‘The Theory of Everything’ is, if not very thought-provoking, a romanticised portrayal of a man reputed to be of a great mind, inflicted with a motor neurone disease, and with exceptional luck. We should ask ourselves how or why we know of Stephen Hawking. He is world-famous primarily because he wrote a brilliant and deeply philosophical book (though he denies it and rejects philosophers), that was a bestseller as well, despite being unable to move, speak or emote. It is that which fascinates all of us, and that is the reason films are made about his life. His is not a story of historical discoveries in the field of science. His is the story of the human instinct of survival, of resilience, and of sheer determination. He is one exceptional man and stands out from all the other pioneering men of the world because he turned his liability into a brilliant marketing tool, whether consciously or not is up to individual interpretation.
That Hawking struggled is without doubt, which is perhaps why the movie also delves, quite justifiably, into the hardship and toil that his self-sacrificing wife had to endure. Hawking was diagnosed with a rare form of motor neurone disease during his tenure at Cambridge at twenty-one, which gradually paralyzed his body, and eventually robbed him of speech. Jane Wilde stood strong by him throughout most of his life, sacrificing her own love for another man in order to take care of him. Jane Wilde comes across as a woman of integrity, loyalty and duty. Sheis portrayed almost as a saint, though in real life she managed to find a balance between her academic pursuits (she finished her PhD in Modern Spanish Poetry) and her arduous familial commitments. But her loyalty and allegiance to her difficult and uncompromising husband, despite her infidelity, is portrayed as spotless. It seems redundant to stamp a feminist analytical structure because this is a real life story. She does ultimately escape (or was she released?) to the arms of her future husband. However, she does seem to function in the movie as a character to be used to reveal Hawking’s humanity and personality. But the story is fair and reveals Hawking’s deep insecurity and doubt in his wife’s acts of love, which he saw as insincere acts of obligation, and his sheer happiness at being able to find someone who he with whom he could simply communicate and laugh.
Another counterpart of Jane is Alicia Nashwife of John Nash in A Beautiful Mind (2001), whose life, too, revolved around her mentally ill husband. Both movies are of the same genre, focusing on the personal and extraordinary lives of great men, and both eventually and ultimately end up stressing the importance of love, determination and perseverance, while simultaneously illuminating the sacrifices made by the wives of these tall men. No one is an island, and such movies seek to inspire and motivate, but also to bridge the gap between ordinary folks like us and the ones who are visionaries or of great minds.
Yet there seems to be something missing. But what is it? Maybe it is sheer drama. A Beautiful Mind was intense, suspenseful, moving and dramatic, while being relatable at the same time. The Theory of Everything is a straightforward rendition of a man who conquered life, but will it resonate? That is not to say that technically there is anything wrong with the movie – it is immaculate and flawless. But the movie did not engross us enough, according to me. He remains a distinct entity even at the end. We do not despise him, we might even like him, but we don’t feel happy for him like we do for his wife perhaps, who is self-sacrificing, tenaciously loyal, sincere and devoted, with her quintessential moments of depression. When he breaks down after Jane tells him that she loved him and tried her best, it should make us cry, and yet we feel more sympathy for Jane (maybe that was the intention). There were times when I wondered whose story it actually was, Hawking’s or his wife’s. Ultimately the narrative is fair to both Hawking and Jane, and like said before, impeccable, as it comes, in typical British setting, diction and mannerism. What was perhaps jarring was the Americanised accent of machine that speaks on command of the physically challenged Hawking.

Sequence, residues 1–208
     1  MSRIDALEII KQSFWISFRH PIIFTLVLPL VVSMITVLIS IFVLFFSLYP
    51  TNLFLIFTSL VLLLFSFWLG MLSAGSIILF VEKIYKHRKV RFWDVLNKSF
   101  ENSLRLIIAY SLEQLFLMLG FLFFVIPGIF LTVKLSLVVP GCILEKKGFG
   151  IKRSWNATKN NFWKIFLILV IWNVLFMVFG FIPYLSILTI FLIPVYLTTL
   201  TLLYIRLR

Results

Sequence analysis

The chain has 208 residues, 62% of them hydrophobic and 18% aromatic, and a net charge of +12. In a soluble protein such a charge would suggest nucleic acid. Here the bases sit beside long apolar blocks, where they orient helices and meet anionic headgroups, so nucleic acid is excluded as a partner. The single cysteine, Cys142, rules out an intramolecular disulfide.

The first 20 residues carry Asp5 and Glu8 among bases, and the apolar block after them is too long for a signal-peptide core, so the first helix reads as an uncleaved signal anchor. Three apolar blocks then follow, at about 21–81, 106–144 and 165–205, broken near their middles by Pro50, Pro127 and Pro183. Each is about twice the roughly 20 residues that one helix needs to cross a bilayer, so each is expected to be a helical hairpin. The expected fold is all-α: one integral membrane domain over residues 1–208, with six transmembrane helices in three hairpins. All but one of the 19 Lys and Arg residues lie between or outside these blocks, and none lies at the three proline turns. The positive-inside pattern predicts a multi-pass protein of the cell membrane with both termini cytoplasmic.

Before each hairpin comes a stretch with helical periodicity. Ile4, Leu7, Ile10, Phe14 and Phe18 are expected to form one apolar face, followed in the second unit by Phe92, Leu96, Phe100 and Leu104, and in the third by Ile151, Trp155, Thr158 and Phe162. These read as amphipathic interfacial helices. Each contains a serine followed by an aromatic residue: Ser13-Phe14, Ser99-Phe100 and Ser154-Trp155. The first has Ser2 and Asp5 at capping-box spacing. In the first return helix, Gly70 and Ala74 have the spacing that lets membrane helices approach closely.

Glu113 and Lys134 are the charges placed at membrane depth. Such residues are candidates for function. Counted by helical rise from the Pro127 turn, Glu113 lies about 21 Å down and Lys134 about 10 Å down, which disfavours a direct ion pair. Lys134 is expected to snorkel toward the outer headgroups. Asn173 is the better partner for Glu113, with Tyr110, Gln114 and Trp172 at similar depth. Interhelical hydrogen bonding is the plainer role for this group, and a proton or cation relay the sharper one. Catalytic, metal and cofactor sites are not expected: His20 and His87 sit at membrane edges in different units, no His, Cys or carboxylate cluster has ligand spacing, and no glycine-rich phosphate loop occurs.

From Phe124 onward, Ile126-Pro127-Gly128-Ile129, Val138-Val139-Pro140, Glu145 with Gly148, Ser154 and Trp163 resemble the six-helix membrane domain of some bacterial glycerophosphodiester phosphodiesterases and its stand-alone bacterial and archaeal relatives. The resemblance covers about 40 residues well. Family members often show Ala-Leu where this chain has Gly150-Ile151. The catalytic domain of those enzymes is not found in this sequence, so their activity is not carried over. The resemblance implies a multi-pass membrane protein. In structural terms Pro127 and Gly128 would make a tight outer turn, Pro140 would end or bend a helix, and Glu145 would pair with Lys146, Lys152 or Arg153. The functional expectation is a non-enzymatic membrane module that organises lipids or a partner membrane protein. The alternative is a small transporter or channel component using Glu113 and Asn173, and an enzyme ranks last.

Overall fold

The Theory of Everything opens up the eternal debate of the existence of God versus the physicist’s version of the creation of the universe, and rightfully (flawless, like I said) remains incredibly sly in this matter by ending that debate with the prototypical answer of ‘where there is life, there is hope’, but also accentuating that religion is a creation of human civilization to find order out of chaos. It is a rationalistic conclusion, and rightfully (again) so. The movie is almost mechanical in its effort to be perfect, almost robotic… like Hawking’s Americanised voice. It is motivational, even inspirational, and like in real life, Hawking in the movie too seems to function as a philosopher and hero. But is it a movie that is worth remembering, like A Beautiful Mind, whichstill resonates today after fourteen years? Only time will tell, but we all sure will remember Stephen Hawking who taught us the theory of success.
By Ananya Tiwari